Trillium Book Awards Author Reading 2015

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A Poem is Disruption: Reading it Brings a Measure of Order

When a poem is written and then read, it moves both away from and toward the reader, and the mind follows, converting the free flow of reading to the linguistic equivalent of Cubism; its sounds and shapes rearrange and reintegrate themselves until the poem is continuously on the move. The American poet Kenneth Rexroth describes Cubism in poetry as "the conscious, deliberate dissociation and recombination of elements into a new artistic entity made self-sufficient by its rigorous architecture." The key in this is in a poem's structural arrangement and scheduling, the design and planning that emerges from both a free flow of emergent content and the composition of its form.

A Poem Has No Choice But to Avoid Itself

To get at the centre of a poem, you first have to get very far away from it, so time and distance need to be constantly in play. The experience and interpretation of a poem is not entirely cumulative, but cyclical, and, to a certain degree, repetitive and recursive; it is repeatedly interrupted and rearranged by new, iconoclastic diction and syntax. A poem acts as a kind of social substitute; it is a mediated world in which our comprehension and emotional attachments are remade, re-formed, and integrated into a new perception of our world and our place in it. In uncovering thoughtful meaning in the obvious, a poem needs clear communication as well as distortion and deception; it is also seductive in that it reaches out to those things we fear and crave the most: loneliness and intimacy.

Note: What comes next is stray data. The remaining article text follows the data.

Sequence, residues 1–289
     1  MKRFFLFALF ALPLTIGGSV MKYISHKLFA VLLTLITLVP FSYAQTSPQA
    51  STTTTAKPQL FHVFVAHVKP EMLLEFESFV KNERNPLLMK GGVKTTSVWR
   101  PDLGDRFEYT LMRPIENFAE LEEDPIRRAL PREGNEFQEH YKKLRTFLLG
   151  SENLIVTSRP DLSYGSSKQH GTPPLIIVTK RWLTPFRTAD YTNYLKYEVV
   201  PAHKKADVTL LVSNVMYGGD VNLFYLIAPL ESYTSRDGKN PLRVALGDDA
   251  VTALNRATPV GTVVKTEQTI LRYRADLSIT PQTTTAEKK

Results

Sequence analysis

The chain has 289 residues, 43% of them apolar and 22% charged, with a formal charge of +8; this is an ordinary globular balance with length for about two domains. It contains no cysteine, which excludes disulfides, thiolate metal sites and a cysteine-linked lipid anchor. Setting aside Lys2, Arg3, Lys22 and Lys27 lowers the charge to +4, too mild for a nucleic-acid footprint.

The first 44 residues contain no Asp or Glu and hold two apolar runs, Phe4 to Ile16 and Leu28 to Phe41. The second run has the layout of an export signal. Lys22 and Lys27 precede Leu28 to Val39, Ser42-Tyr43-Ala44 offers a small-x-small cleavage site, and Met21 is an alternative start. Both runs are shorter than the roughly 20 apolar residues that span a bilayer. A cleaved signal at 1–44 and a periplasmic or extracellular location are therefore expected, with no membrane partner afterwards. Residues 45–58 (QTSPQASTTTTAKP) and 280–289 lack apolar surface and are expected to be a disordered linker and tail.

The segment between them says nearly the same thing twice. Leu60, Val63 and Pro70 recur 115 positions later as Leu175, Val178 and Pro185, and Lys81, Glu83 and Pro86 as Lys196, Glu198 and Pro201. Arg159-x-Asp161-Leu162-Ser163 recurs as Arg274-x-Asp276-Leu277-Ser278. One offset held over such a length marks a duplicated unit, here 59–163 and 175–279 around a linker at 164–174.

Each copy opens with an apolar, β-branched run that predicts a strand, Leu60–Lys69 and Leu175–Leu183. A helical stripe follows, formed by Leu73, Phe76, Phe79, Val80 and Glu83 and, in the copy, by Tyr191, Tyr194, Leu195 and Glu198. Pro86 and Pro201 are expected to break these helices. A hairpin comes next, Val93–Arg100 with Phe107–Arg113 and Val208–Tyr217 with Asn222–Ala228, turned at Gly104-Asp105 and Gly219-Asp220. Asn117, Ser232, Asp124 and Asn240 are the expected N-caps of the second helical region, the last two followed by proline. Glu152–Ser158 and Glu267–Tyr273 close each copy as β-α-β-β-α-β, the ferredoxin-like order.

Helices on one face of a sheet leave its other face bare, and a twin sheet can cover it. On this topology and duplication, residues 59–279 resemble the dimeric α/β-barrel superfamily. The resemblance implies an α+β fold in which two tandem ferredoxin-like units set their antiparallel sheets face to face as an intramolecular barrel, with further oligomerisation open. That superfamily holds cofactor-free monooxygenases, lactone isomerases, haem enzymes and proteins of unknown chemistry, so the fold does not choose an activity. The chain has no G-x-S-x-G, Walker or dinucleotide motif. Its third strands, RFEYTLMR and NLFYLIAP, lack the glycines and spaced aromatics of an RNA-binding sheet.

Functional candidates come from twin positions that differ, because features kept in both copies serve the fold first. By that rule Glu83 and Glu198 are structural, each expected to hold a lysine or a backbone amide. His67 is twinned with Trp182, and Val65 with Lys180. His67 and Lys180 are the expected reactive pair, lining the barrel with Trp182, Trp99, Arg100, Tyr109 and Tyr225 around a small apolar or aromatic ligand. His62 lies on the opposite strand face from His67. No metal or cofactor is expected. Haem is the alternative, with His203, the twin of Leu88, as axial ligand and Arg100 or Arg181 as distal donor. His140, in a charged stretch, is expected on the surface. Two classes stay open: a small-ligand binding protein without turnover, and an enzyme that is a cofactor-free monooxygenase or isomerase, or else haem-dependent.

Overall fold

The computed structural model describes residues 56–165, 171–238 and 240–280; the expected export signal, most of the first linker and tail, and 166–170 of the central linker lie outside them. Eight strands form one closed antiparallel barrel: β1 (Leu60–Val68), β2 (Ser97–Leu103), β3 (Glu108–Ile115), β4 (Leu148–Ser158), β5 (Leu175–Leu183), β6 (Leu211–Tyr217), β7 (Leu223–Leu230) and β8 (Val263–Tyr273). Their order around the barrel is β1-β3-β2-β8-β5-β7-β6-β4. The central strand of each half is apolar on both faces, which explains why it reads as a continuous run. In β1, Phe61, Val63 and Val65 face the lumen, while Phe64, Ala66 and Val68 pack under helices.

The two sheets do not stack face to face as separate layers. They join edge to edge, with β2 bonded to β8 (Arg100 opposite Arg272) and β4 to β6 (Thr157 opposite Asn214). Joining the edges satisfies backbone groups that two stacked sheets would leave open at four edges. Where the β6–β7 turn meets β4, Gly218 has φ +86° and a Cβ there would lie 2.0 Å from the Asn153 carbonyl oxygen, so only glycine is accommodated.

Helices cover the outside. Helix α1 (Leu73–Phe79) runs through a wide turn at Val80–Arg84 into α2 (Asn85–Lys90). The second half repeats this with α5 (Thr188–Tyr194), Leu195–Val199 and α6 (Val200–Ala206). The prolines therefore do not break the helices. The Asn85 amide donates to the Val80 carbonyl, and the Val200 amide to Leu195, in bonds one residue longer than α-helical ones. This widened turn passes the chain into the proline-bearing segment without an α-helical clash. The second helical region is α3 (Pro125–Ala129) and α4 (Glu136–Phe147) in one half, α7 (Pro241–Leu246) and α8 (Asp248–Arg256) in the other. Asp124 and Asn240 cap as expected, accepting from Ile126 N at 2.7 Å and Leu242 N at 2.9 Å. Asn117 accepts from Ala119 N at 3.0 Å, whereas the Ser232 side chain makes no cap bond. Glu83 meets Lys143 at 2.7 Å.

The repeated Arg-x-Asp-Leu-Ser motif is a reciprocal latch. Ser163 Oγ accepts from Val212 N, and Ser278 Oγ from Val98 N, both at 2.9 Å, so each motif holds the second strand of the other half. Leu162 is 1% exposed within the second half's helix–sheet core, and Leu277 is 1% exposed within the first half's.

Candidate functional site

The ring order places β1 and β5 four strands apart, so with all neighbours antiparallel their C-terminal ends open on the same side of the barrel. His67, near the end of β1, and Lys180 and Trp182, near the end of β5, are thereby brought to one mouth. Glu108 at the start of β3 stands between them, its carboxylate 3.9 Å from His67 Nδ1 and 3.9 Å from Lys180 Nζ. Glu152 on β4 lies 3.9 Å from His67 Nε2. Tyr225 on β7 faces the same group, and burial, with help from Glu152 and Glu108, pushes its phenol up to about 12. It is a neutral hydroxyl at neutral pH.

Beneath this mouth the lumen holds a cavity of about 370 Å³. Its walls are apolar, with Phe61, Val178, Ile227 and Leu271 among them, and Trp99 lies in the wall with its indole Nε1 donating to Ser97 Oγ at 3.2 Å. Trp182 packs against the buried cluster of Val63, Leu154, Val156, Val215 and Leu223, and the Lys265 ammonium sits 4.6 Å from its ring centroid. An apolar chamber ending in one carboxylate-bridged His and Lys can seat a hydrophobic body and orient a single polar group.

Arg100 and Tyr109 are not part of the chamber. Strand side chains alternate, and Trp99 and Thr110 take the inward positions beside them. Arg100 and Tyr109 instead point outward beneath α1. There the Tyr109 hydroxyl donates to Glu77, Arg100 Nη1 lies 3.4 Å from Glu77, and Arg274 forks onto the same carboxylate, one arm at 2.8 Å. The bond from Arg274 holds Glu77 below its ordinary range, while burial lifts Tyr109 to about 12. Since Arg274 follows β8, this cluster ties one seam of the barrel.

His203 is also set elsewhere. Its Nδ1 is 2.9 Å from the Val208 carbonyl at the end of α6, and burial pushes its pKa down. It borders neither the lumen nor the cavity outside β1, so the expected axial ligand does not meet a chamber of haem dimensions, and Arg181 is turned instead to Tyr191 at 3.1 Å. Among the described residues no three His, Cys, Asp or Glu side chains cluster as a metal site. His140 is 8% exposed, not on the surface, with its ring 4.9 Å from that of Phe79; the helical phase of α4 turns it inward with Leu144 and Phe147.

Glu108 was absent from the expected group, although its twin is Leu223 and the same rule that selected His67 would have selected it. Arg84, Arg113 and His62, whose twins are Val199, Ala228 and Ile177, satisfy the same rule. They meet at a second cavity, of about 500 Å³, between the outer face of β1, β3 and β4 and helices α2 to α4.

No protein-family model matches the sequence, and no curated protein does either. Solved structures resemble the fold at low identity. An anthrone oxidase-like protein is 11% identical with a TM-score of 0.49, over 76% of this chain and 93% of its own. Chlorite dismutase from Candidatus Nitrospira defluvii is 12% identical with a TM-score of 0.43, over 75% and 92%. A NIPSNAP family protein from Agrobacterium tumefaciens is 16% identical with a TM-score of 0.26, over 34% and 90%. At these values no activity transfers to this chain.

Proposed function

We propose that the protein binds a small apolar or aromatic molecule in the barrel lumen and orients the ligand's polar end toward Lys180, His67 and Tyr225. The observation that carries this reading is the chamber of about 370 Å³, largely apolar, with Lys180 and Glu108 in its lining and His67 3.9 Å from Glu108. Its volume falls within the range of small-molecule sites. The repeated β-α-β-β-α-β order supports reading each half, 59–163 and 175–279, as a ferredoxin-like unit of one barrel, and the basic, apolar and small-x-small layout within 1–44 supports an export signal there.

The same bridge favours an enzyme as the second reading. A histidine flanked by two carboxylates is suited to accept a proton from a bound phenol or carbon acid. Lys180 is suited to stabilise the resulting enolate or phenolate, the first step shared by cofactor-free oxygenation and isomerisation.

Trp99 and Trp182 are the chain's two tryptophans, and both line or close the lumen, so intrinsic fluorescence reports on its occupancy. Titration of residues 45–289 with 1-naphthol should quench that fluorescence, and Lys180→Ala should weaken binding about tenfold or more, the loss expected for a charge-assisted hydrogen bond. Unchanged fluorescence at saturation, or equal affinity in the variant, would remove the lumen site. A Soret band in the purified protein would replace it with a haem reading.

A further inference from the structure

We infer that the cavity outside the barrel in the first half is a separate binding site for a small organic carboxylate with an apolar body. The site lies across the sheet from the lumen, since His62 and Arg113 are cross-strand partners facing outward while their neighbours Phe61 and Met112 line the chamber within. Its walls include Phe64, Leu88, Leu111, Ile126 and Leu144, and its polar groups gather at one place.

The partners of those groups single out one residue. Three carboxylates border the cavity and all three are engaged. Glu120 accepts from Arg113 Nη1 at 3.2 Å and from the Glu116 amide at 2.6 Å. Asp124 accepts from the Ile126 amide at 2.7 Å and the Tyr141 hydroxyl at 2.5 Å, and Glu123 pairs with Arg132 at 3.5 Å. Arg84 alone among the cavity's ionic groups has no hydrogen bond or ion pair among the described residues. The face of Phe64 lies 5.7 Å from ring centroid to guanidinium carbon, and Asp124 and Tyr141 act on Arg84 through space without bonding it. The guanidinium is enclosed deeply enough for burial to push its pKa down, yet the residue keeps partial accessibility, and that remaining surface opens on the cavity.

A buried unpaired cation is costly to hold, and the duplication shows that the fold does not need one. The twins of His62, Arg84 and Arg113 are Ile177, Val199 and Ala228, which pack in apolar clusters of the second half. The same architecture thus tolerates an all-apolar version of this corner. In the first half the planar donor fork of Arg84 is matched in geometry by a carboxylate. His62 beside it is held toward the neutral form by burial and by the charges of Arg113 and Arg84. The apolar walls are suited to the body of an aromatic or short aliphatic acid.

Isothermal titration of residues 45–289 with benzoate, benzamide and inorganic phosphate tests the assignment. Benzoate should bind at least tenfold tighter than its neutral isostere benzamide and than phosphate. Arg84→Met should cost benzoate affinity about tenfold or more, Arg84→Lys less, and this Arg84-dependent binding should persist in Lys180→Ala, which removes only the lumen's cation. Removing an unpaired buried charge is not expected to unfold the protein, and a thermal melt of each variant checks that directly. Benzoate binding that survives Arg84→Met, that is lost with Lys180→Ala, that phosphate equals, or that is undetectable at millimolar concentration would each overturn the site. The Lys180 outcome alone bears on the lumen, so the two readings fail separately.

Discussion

Poetry Auspices (Literally, Looking at Birds)

Like a flock of birds, a poem is often anti-narrative, obscuring its sense of beginning, middle or end, reflecting its own internal momentum and evolving emergent contours and forms. A poem seeks simultaneous order and disorder in its structures and aesthetic mix, filtering through its diction and syntax both the simple and complex, seeing both what belongs as well as that which appears not to belong.

All words in a poem have unintended interpretations.
All syntax in a poem has unexpected repercussions.
All juxtapositions in a poem have unvoluntary outcomes.

Opposites in a poem co-exist, and so co-evolve.

The Snare of Poetry (a trap for catching birds or animals)

Poetry can be thought of as a snare for thinking. Offering neither clear answers nor resolutions, its puzzle/riddle-like quality has the form or force of a question where the answer is contained within the question. It doesn’t provide directions, but rather presents predicaments the reader must alone encounter and interpret. What a poem does is find itself from the inside out; its centres of thought draw together its periphery, giving birth to the force of reciprocal influences. The complex of words and syntax of a poem rearranges fixed ways of understanding what is happening by actively undermining and then re-building relationship and presence, time and perspective. You can’t understand or think about just one thing for long; your mind must wander endlessly in search of a way out.

Something Out of Nothing

One of the great joys of poetry is that much of the time it is made up of nothing at all. Like physics or good conversation, that which is most elegant, intelligent and entertaining in a poem depends as much on what is missing as what is actually there. The ambiguity of empty space defines what must occupy that space, while the silences embracing our words create questions and teach us the luxury and balance of knowing little while assuming much more. Inside a poem, the illusion of space is created in the arrangement of the words. That syntactical arrangement is as important as the words, always bringing us either closer or further away from the satisfaction or disappointment of understanding. Poetry emerges as a kind of practical optical illusion.